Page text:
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Volume Control: Hearing in a Deafening World
The surprising science of hearing and the remarkable technologies that can help us hear betterOur sense of hearing makes it easy to connect with the world and the people around us. The human system for processing sound is a biological marvel, an intricate assembly of delicate membranes, bones, receptor cells, and neurons. Yet many people take their ears for granted, abusing them with loud restaurants, rock concerts, and Q-tips. And then, eventually, most of us start to go deaf.Millions of Americans suffer from hearing loss. Faced with the cost and stigma of hearing aids, the natural human tendency is to do nothing and hope for the best, usually while pretending that nothing is wrong. In Volume Control, David Owen argues this inaction comes with a huge social cost. He demystifies the science of hearing while encouraging readers to get the treatment they need for hearing loss and protect the hearing they still have.Hearing aids are rapidly improving and becoming more versatile. Inexpensive high-tech substitutes are increasingly available, making it possible for more of us to boost our weakening ears without bankrupting ourselves. Relatively soon, physicians may be able to reverse losses that have always been considered irreversible. Even the insistent buzz of tinnitus may soon yield to relatively simple treatments and techniques. With wit and clarity, Owen explores the incredible possibilities of technologically assisted hearing. And he proves that ears, whether they're working or not, are endlessly interesting.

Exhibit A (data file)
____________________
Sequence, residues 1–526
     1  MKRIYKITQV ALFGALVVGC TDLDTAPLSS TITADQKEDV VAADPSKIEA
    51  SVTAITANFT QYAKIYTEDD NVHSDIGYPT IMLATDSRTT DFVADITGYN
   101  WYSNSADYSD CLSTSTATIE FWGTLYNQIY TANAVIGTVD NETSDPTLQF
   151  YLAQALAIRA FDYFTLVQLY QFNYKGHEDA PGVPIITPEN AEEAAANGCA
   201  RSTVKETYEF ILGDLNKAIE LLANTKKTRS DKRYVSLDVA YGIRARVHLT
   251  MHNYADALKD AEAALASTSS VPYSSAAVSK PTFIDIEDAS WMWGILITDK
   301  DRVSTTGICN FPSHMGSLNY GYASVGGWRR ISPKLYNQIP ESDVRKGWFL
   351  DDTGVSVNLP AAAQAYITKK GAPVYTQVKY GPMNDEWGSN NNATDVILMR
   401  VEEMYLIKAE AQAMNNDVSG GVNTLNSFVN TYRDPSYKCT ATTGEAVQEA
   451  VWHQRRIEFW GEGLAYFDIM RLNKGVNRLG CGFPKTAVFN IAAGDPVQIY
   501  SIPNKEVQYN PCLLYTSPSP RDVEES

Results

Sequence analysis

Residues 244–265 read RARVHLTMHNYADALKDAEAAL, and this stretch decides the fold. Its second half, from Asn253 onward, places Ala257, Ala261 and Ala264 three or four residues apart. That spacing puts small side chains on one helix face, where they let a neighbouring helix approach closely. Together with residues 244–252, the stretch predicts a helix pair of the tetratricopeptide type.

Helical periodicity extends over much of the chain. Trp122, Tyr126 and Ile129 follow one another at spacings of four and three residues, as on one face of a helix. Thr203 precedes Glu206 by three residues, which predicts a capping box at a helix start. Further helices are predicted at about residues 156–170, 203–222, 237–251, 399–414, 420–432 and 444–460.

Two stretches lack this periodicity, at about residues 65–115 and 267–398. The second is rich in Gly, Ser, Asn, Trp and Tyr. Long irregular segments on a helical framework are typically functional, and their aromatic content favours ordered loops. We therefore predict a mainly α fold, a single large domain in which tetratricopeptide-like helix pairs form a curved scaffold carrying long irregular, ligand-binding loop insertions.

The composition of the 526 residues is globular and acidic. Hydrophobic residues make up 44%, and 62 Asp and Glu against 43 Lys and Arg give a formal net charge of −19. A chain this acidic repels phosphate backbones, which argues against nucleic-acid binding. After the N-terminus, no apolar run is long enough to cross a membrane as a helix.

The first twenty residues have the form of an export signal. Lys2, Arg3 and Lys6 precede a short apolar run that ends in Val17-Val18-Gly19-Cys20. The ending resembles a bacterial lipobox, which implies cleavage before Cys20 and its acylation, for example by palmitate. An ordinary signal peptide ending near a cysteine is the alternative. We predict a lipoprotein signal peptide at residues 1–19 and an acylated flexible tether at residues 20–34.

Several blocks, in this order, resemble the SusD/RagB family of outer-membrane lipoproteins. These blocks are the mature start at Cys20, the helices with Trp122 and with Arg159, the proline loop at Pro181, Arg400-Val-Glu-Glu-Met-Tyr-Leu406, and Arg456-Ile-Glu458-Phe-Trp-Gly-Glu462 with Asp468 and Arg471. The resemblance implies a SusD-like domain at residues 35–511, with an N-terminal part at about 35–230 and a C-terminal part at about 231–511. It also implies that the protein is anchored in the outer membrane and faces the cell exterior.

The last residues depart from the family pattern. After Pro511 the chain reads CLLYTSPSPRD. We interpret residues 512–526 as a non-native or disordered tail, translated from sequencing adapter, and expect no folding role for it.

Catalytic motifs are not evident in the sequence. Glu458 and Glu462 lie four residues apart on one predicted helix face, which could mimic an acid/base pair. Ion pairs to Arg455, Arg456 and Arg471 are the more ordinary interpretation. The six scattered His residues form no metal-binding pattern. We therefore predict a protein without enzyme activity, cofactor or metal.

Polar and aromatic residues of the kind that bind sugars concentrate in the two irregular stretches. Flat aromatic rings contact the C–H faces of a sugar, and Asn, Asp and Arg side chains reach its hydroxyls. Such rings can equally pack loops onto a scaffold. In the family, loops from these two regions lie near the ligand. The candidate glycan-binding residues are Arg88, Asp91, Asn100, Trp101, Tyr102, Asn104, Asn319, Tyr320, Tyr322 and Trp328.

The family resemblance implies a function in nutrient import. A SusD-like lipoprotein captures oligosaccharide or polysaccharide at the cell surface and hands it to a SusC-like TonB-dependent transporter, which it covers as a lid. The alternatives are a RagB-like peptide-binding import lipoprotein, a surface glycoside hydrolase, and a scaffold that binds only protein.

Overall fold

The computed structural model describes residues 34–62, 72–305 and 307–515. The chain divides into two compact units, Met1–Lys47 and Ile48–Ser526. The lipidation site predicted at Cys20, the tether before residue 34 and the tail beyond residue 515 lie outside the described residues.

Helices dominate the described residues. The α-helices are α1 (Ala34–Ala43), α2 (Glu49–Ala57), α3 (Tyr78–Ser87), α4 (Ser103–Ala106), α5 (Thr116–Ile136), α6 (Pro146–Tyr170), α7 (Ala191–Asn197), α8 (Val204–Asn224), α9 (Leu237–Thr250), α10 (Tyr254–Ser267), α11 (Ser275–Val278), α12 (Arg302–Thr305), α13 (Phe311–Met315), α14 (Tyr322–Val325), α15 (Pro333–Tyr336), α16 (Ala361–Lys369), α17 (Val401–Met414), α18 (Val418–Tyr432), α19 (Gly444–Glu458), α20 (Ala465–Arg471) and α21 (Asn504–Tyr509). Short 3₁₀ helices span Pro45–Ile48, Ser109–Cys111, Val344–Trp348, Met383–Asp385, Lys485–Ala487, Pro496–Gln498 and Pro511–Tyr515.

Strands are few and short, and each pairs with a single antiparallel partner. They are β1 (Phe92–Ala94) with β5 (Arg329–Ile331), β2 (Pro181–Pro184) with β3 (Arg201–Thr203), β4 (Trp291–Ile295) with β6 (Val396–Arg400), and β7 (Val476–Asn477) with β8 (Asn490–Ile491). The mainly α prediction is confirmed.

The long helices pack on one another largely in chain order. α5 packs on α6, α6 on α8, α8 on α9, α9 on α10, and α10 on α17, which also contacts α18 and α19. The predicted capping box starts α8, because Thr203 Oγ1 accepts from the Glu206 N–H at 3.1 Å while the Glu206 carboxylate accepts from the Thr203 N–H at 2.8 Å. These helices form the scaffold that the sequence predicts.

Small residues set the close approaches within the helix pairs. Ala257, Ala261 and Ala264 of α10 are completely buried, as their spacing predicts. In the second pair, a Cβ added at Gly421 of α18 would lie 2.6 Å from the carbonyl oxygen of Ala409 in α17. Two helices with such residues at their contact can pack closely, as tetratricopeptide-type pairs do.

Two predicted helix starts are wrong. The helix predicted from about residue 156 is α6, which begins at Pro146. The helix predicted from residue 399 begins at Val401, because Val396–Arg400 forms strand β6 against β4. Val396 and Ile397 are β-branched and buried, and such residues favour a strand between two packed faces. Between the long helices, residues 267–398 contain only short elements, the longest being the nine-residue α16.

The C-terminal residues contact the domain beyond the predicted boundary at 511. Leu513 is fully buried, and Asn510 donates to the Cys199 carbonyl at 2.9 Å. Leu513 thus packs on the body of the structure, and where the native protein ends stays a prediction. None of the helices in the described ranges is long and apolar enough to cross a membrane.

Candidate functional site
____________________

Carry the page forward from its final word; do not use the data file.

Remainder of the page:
Why You Like It: The Science and Culture of Musical Taste
From the chief architect of the Pandora Radio’s Music Genome Project comes a definitive and groundbreaking examination of how your mind, body, and upbringing influence the music you love.Everyone loves music. But what is it that makes music so universally beloved and have such a powerful effect on us?In this sweeping and authoritative book, Dr. Nolan Gasser - a composer, pianist, and musicologist, and the chief architect of the Music Genome Project, which powers Pandora Radio - breaks down what musical taste is, where it comes from, and what our favorite songs say about us.Dr. Gasser delves into the science, psychology, and sociology that explains why humans love music so much; how our brains process music; and why you may love Queen but your best friend loves Kiss. He sheds light on why babies can clap along to rhythmic patterns and reveals the reason behind why different cultures around the globe identify the same kinds of music as happy, sad, or scary. Using easy-to-follow notated musical scores, Dr. Gasser teaches music fans how to become engaged listeners and provides them with the tools to enhance their musical preferences. He takes readers under the hood of their favorite genres - pop, rock, jazz, hip hop, electronica, world music, and classical - and covers songs from Taylor Swift to Led Zeppelin to Kendrick Lamar to Bill Evans to Beethoven, and through their work, Dr. Gasser introduces the musical concepts behind why you hum along, tap your foot, and feel deeply. Why You Like It will teach you how to follow the musical discourse happening within a song and thereby empower your musical taste, so you will never hear music the same way again.
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